Best tax saving mutual funds or ELSS to invest in July 2024

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Most taxpayers make their investments in the last three months of the financial year (January-March). Most of them look for the investment options available under Section 80C of the Income Tax Act (IT Act). The Section 80C of the Income Tax Act allows tax deduction of up to Rs 1.5 lakh in a financial year on investments in a few specified instruments. If you are trying to save taxes in this financial year, you can consider investing in tax-saving mutual funds or ELSSs.

Tax -saving mutual funds or Equity Linked Savings Schemes (ELSSs) helps you to save income tax under Section 80C of the IT Act. You can invest a maximum of Rs 1.5 lakh in ELSSs and claim tax deductions on your investments every financial year. Are you interested?

Also Read |7 equity mutual funds offer over 20% return in 5 years

Before proceeding further, you should familiarise yourself with ELSSs. Tax saving mutual funds or ELSSs invest in stocks. Therefore, they have a very high risk. You should be aware of this aspect, especially if you are a first-time investor in equity mutual funds. Compared to your usual investments like Public Provident Fund or National Savings Certificate, etc, ELSSs do not offer guaranteed returns. You may even suffer losses in a bad market.

So, why should you invest in ELSSs? One, these schemes have the potential to offer higher returns over a long period. As you know, tax saving schemes invest in stocks. And stocks typically offer higher returns over a long period of time. For example, the ELSS category offered an average return of around 16.38% over 10 years.

Two, ELSS funds have the shortest lock-in period of three years among tax saving investments. Most other investment options under the 80C basket are government-backed investments. They typically come with longer lock-in periods. For example, PPF is a 15-year product that allows partial withdrawals after six years. The NSC is a five-year product. So, if you want access to your money in three years, you should invest in ELSSs. But don’t count on it to offer you great returns in three years. You should always keep in mind that equity investing is for the long term. You should invest in equity mutual funds only if you have an investment horizon of five to seven years.And the third and the most important point to remember is that ELSSs is an entry point for many investors into investing in stocks. Many investors often start with ELSSs and the mandatory lock-in period of three years in these schemes helps them to weather the volatility in the stock market. Once these investors see the rewards coming in, say, five or seven years, they start investing more money in equity schemes.Also Read |Equity MF inflows cross Rs 40,000 crore mark in June, debt outflows above Rs 1 lakh crore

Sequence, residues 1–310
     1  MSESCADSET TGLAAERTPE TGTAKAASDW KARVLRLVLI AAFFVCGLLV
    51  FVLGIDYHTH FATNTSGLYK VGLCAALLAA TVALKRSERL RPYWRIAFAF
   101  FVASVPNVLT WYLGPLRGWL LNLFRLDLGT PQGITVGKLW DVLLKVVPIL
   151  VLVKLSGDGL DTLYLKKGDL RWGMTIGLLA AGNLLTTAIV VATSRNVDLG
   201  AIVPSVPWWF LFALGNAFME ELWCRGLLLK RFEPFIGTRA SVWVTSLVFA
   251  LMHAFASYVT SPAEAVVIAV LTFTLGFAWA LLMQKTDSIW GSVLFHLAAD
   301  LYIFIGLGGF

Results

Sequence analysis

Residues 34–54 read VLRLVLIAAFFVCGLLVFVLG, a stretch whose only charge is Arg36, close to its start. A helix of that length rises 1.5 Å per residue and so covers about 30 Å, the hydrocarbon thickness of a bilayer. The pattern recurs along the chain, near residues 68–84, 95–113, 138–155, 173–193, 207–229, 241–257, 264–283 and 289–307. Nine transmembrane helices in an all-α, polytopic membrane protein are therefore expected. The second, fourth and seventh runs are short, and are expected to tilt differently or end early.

If you are interested in investing in these schemes, here are our recommended ELSSs you may consider investing in these schemes. Invesco India Tax Plan Fund has been in the fourth quartile for the last four months. The scheme had been in the third quartile earlier. Canara Robeco Equity Tax Saver Fund has been in the third quartile for 13 months. Mirae Asset Tax Saver Fund was in the third quartile for five months.

Best ELSS or tax saving mutual funds to invest in July 2024:

  • Canara Robeco ELSS Tax Saver Fund
  • Mirae Asset ELSS Tax Saver Fund
  • Invesco India ELSS Tax Saver Fund
  • DSP ELSS Tax Saver Fund
  • Quant ELSS Tax Saver Fund (new addition)
  • Bank of India ELSS Tax Saver (new addition)

Here is our methodology:
ETMutualFunds has employed the following parameters for shortlisting the equity mutual fund schemes.

1. Mean rolling returns: Rolled daily for the last three years.

2. Consistency in the last three years: Hurst Exponent, H is used for computing the consistency of a fund. The H exponent is a measure of randomness of NAV series of a fund. Funds with high H tend to exhibit low volatility compared to funds with low H.

i) When H = 0.5, the series of returns is said to be a geometric Brownian time series. This type of time series is difficult to forecast.

ii) When H is less than 0.5, the series is said to be mean reverting.

iii) When H is greater than 0.5, the series is said to be persistent. The larger the value of H, the stronger is the trend of the series

3. Downside risk: We have considered only the negative returns given by the mutual fund scheme for this measure.

X =Returns below zero

Y = Sum of all squares of X

Z = Y/number of days taken for computing the ratio

Downside risk = Square root of Z

4. Outperformance: It is measured by Jensen’s Alpha for the last three years. Jensen’s Alpha shows the risk-adjusted return generated by a mutual fund scheme relative to the expected market return predicted by the Capital Asset Pricing Model (CAPM). Higher Alpha indicates that the portfolio performance has outstripped the returns predicted by the market.

Average returns generated by the MF Scheme = [Risk Free Rate + Beta of the MF Scheme * {(Average return of the index – Risk Free Rate}

5. Asset size: For Equity funds, the threshold asset size is Rs 50 crore

(Disclaimer: past performance is no guarantee for future performance.)